Intentional Ceremonies & Traditions

So far in this series we have talked about why we need to be intentional and then how we are to intentionally disciple our kids.  The next topic we will cover will be developing intentional ceremonies and traditions with our kids.  I have a couple of guests that I want to interview who were not able to talk this week so, part 3 will be done in 2 entries.  The second entry will be a podcast containing those interviews.

About ten years ago I ran across a book by Robert Lewis entitled Raising a Modern Day Knight.  That book had a tremendous impact on me and has helped me to develop some simple ceremonies and traditions with my own kids.  One result of that experience that I want to share with you has been an annual camping trip that I take with my two boys along with my Dad, my brother and my nephew.  In two weeks we will leave for our 8th annual Martin Men’s Camping Trip.  This annual event has become the most protected and cherished entry on my calendar every year as well as for my boys.  They have told me over and over again that this is their favorite weekend of the year.

Let me begin by telling you how simple this weekend is.  I spend about 4 hours a year planning this event.  I start by picking a convenient location (typically a State Park in either Arkansas or Oklahoma) somewhere in the middle of where we live and where my Dad and brother live.  We then plan 5 easy meals that can be prepared at a campsite.  Believe me, we don’t come back for the food!  My brother, my Dad and I then prepare a short devotional to have at the end of our 2 dinners and our big breakfast before breaking camp on Sunday morning.  The rest of the time is spent enjoying each others company and doing what guys do the rest of the time.

We have picked some significant benchmarks in each of our son’s lives to celebrate through the years.  Last year, for example, we celebrated my oldest son’s 18th birthday (his actual birthday is in July but we wouldn’t be together for that day).  Part of that celebration was calling him to manhood.  We each took a few minutes to point out things in him we saw that God had gifted him with and then how we saw God using those gifts throughout his life.  We wanted to mark a time in his life when he became a man.  A big part of becoming a man is living into who God has made us to be.  I also had several friends of mine who have watched him grow up write letters to him doing the same thing.  To this day, those letters are sitting on his nightstand and I see him reading those periodically.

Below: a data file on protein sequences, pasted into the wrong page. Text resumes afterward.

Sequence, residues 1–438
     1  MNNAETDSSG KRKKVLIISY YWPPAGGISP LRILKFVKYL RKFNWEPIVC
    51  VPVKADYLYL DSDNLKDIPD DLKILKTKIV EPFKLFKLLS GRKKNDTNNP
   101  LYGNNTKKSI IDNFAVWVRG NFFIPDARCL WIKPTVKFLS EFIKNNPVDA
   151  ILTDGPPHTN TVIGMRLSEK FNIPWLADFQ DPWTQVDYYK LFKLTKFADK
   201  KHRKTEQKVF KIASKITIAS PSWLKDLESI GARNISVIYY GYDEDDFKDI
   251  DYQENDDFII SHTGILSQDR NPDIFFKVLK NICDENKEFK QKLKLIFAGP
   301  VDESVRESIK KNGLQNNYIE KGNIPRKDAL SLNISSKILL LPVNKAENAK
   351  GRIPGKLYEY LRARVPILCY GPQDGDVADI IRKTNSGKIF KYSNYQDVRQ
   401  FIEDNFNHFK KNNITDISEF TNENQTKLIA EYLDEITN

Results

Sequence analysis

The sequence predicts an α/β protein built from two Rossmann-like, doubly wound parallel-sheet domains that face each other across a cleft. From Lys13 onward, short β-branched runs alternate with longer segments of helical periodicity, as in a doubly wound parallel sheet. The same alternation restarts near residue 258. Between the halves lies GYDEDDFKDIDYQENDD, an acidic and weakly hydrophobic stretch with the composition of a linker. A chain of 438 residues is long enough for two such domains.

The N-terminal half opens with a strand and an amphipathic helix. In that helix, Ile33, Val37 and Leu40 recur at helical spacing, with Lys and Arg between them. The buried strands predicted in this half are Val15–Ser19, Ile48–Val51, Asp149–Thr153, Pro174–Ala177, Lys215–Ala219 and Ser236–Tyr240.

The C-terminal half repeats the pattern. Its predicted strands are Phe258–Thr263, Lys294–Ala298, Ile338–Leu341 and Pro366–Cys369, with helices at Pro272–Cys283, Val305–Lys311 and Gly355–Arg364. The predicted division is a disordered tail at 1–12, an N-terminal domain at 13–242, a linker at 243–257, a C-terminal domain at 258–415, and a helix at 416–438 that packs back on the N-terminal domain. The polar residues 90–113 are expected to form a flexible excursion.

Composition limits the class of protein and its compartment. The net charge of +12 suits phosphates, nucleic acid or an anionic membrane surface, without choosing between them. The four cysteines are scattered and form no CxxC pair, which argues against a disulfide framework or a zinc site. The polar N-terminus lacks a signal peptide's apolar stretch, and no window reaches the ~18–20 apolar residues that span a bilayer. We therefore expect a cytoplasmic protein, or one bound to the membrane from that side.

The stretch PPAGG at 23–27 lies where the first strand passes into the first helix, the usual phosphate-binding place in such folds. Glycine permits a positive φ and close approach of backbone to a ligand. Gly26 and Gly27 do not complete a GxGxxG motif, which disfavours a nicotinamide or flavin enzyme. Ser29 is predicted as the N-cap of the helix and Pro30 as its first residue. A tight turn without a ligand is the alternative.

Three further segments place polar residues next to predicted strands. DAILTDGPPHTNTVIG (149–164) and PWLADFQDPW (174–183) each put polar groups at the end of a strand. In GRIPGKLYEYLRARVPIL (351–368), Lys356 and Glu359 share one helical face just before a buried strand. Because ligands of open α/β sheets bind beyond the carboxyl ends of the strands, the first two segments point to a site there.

My nephew, who is now 22 years old and married, was the recipient of that same ceremony 5 years ago.  That event had a huge impact on him.  It also had a huge impact on my two boys who were 13 and 9 year old at that time and witnessed what we were calling their older cousin to.  They looked forward to when they would have the same calling placed on them.  This tradition in our family will hopefully never be extinguished.  My older son said the other day that he looks forward to doing this with his sons one day.

I don’t mean to make this all about Dads and their sons.  This is also important for Moms and Daughters, Moms and sons and Dads and daughters.  Finding an opportunity to have some fun, share some stories and memories and giving our kids the blessing of a calling or initiation into adulthood is the goal.  This does not have to be an elaborate exercise.  In fact, I think the more simple it is, the more likely we are to continue it.

So, what are some ceremonies or traditions that you have instituted in your home?  Share those with us so we can all get ideas on things to do with our kids.

Check back for some interesting interviews on this topic in the next week.

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